Trump’s Mexican border wall fantasy is yet another failed campaign promise as the President and Senate Republicans have signaled a backtrack on adding funding for the border wall in this year’s spending bill. This is just one of many examples of the administration’s continued difficulties to follow through with any of its campaign promises.
Last week, the administration was insistent that funding for the very expensive and divisive border wall was needed in the spending bill. That immediately set up a preemptive standoff between Democrats and Republicans which threatened to shut down the government if either side refused to budge.
After intense criticism from Democrats needed to pass the bill through Senate (60 votes are necessary to pass the bill), the White House backed off its funding demand:
“Building that wall and having it funded remains an important priority to him but we also know that that can happen later this year and into next year, and in the interim you see other smart technology and other resources and tools being used toward border security,” Trump counselor Kellyanne Conway said on Fox News on Tuesday.
One of the divisive promises on the campaign trail, the southern border wall elicited chants from supporters, while Democrats dismissed it as impractical and expensive. When confronted with a question about the wall, Press Secretary Sean Spicer vehemently denied that the wall’s development was being delayed:
“Yesterday, President Trump reportedly said that he’s going to delay pushing the wall through. Can you just clarify what the status is?” Associated Press reporter Vivian Salama asked Spicer at his daily briefing.
“I think he tweeted about this earlier,” Spicer replied. “His priorities have not changed. There will be a wall built.”
Spicer said that there is “plenty of planning that can be done” in the current fiscal year.
“Our priorities are clear going into FY17, the remainder of budgeting for that, and we’ll continue to ask for more in FY18,” Spicer said, referring to fiscal years 2017 and 2018.
“So it’s delayed for now,” Salama pressed.
“No, I didn’t — no, no, no, no. I never — no one said delayed. No, no,” Spicer said.
Spicer was referring to the President’s tweet where he alleged that the press about the wall was “fake news”:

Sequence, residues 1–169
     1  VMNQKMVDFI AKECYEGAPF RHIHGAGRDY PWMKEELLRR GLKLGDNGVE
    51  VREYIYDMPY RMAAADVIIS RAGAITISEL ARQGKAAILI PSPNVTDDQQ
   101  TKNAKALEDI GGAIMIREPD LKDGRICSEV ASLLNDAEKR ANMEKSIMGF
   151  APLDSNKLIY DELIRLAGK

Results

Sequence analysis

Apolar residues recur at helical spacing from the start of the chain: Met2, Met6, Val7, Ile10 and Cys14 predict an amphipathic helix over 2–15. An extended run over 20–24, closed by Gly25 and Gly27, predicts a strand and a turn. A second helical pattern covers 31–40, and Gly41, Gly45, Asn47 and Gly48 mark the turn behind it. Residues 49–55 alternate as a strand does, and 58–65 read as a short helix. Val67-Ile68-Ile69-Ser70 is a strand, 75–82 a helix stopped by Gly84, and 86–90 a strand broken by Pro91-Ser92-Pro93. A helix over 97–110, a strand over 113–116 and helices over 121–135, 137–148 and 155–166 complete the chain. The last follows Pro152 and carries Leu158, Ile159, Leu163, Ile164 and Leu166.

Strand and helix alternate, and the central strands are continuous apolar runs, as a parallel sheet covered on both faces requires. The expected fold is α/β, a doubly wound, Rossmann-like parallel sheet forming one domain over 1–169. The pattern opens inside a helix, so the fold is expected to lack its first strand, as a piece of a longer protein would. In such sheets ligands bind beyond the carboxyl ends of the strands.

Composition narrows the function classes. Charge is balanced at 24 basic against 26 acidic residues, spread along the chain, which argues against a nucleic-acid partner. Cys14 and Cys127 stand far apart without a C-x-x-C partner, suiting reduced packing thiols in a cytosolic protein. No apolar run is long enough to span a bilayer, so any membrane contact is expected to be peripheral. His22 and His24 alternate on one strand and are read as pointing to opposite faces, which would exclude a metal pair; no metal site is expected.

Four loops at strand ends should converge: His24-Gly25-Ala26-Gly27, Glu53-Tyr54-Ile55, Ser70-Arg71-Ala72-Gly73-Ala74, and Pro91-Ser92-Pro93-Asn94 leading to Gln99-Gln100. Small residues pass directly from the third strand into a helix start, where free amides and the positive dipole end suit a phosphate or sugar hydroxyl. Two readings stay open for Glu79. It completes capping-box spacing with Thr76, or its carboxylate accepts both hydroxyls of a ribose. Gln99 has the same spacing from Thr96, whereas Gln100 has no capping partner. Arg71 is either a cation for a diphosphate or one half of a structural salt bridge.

“Don’t let the fake media tell you that I have changed my position on the WALL. It will get built and help stop drugs, human trafficking etc,” he tweeted.
Judicial Branch Blocking Trump’s Immigration Agenda
The President and Spicer’s political doublespeak on the wall has become commonplace for a young administration that has had a difficult time saving face when components of their restrictive immigration agenda has been blocked by other branches of government.
The first part of the agenda that fell through were the two proposed travel bans on predominantly Muslim countries, which was stayed, first by a judge in Washington, and then by a Hawaiian judge.
Another point of the immigration agenda that met resistance from the judicial branch is Trump’s executive action to withhold funds from sanctuary cities, a penalty that was suppose to punish cities that limit their cooperation with the national government in order to help people who are in the country illegally avoid deportation.
On Tuesday, Judge William H. Orrick, a judge from San Francisco’s United States District Court wrote that the President had overstepped his bounds tying up billions of funds in immigration enforcement, and said that only Congress could place conditions on spending.
As with the stays on the two versions of the travel ban, members of the administration – including the President’s and Attorney General Jeff Sessions – were used in the argument by the dissenting Judge to note inconsistencies in the argument by the State Department.
“If there was doubt about the scope of the order, the president and attorney general have erased it with their public comments,” Judge Orrick wrote.
In related news, a new study found that illegal immigrants fell to an all-time low under President Barack Obama, which begs the question to the current administration: what exactly is the reason for these stricter immigration laws other than racism?